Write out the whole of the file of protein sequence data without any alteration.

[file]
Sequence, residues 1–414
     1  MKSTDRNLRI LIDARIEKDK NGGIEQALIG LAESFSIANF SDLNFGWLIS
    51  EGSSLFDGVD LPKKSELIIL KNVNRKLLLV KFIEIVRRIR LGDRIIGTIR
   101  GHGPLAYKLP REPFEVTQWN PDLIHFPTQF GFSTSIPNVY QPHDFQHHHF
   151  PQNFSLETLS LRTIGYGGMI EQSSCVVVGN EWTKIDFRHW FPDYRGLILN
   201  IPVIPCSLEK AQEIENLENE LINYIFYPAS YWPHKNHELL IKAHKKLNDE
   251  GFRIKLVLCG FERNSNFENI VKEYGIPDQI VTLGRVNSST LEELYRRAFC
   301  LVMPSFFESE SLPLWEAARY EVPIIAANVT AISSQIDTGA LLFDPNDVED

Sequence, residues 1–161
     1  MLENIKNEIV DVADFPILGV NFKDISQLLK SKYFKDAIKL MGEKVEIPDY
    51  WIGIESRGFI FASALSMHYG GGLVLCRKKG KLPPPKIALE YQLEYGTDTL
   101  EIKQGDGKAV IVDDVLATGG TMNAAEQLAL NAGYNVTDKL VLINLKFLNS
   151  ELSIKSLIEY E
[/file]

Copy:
Sequence, residues 1–414
     1  MKSTDRNLRI LIDARIEKDK NGGIEQALIG LAESFSIANF SDLNFGWLIS
    51  EGSSLFDGVD LPKKSELIIL KNVNRKLLLV KFIEIVRRIR LGDRIIGTIR
   101  GHGPLAYKLP REPFEVTQWN PDLIHFPTQF GFSTSIPNVY QPHDFQHHHF
   151  PQNFSLETLS LRTIGYGGMI EQSSCVVVGN EWTKIDFRHW FPDYRGLILN
   201  IPVIPCSLEK AQEIENLENE LINYIFYPAS YWPHKNHELL IKAHKKLNDE
   251  GFRIKLVLCG FERNSNFENI VKEYGIPDQI VTLGRVNSST LEELYRRAFC
   301  LVMPSFFESE SLPLWEAARY EVPIIAANVT AISSQIDTGA LLFDPNDVED

Sequence, residues 1–161
     1  MLENIKNEIV DVADFPILGV NFKDISQLLK SKYFKDAIKL MGEKVEIPDY
    51  WIGIESRGFI FASALSMHYG GGLVLCRKKG KLPPPKIALE YQLEYGTDTL
   101  EIKQGDGKAV IVDDVLATGG TMNAAEQLAL NAGYNVTDKL VLINLKFLNS
   151  ELSIKSLIEY E